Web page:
James O'Brien

Jiri Hudler, Johnny Gaudreau

Hudler insists he’s no babysitter to young Flames

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At 31, it probably feels weird for Jiri Hudler to be considered a mentor, but that’s been part of his role with the Calgary Flames lately.

Last season, he was the veteran presence on a fantastic line with fresh-faced forwards Johnny Gaudreau and Sean Monahan. So far, Hudler’s been skating with another young gun in Sam Bennett.

It sounds like he’s not crazy about being the “old guy,” as he discussed with the Calgary Sun.

“I don’t feel like their babysitter,” Hudler said. “I’m their friend. I’m trying to play my best game. And for them, I want the best they can do.”

The winger also has himself to focus upon.

His $4 million cap hit expires after the 2015-16 season, and with the likes of Monahan and Gaudreau headed for RFA status, he might not necessarily be in it to see the “kids” grow up.

Then again, being a guy who can take young stars under his wing could also be another bullet for his resume.

Babcock’s Leafs projects: Kadri and Bozak

Toronto Maple Leafs v Tampa Bay Lightning

With Phil Kessel out of Toronto, both Tyler Bozak and Nazem Kadri move up the list of go-to scapegoats for Maple Leafs fans.

New head coach Mike Babcock isn’t piling on, however. Instead, he sounds awfully positive about what Bozak and Kadri are capable of, and that they’re putting in the work to improve.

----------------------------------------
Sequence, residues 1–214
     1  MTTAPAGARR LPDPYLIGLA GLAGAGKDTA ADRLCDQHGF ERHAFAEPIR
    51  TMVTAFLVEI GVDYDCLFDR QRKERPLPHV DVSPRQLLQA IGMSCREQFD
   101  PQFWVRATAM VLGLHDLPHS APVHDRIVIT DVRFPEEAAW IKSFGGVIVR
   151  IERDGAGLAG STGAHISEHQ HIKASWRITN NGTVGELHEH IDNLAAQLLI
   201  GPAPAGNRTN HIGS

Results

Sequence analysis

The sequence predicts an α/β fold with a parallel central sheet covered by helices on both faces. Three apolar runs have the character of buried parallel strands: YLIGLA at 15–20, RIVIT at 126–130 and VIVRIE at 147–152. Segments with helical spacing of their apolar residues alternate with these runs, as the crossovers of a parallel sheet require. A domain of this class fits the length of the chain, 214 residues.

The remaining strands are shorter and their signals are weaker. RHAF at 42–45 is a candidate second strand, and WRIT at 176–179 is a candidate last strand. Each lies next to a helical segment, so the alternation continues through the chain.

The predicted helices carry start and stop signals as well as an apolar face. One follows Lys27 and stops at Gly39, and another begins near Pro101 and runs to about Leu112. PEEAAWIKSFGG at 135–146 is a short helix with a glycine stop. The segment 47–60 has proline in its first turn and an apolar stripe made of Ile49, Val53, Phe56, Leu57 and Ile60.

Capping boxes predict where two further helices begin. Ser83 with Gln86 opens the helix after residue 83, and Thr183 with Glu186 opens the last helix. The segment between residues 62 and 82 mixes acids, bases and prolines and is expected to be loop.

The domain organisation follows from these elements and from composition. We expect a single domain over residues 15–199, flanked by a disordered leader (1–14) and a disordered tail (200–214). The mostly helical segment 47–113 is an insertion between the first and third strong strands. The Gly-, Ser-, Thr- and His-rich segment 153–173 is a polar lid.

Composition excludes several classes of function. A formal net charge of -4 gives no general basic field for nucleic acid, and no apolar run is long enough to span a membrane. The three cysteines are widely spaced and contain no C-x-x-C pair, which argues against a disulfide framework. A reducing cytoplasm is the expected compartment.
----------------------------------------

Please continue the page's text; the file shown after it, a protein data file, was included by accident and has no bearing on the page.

On Kadri: Babs doesn’t think that a contract year will be an issue for Kadri. Actually, he believes that the 24-year-old will be “a Leaf for a long time.”

On Bozak: Despite the center’s critics, Babcock doesn’t believe that Bozak is carrying “baggage.”

In both cases, Babcock wants more pace and better two-way play (he wants them to be “200-footers,” which evokes Subway party sandwiches).

Check out Babcock’s full comments in the video below:

As you can see from this video, Kadri also speaks about improving his footspeed, along with becoming a “role model” off the ice.

His 2014 off-season focus provided more entertaining video:

Finally, here’s video of Bozak, who’s moving on to life without his old roommate Kessel.

Khokhlachev to Bruins: Give me a chance

Montreal Canadiens v Boston Bruins

Training camps can be crossroads, especially for veteran players mulling retirement and prospects who are getting antsy about “making the leap.”

Alex Khokhlachev is in that latter group with the Boston Bruins. You get the impression that he’s going to make noise if it doesn’t work out soon – maybe even next season – based on these quotes from CSNNE.com’s Joe Haggerty.

“I’ve been waiting two years so [the Bruins] should make a decision: give me a chance [in the NHL] or…I don’t know. We’ll see what they do. I’m not a young guy anymore. I’m 22 already,” Khokhlachev said. “If they don’t give me a chance to play while I’m here…I won’t play in Providence all of my life. I’m still waiting for [my chance].”

(That groan you heard came from readers old enough to cringe at the line “I’m 22 already.”)

It’s been a strange ride for the prospect sometimes conveniently called “Koko.” Back around the 2013 trade deadline, it seemed like Khokhlachev was going to be involved in the Bruins’ eventually aborted Jarome Iginla swap.

The 22-year-old appeared in three games with the Bruins last season (and one in 2013-14), but he didn’t really believe that he received a fair look in that regard.

Khokhlachev also seemed a bit envious of other young players who’ve received the call, noting that they “stepped up.”

Haggerty wonders if he might already be angling for a change: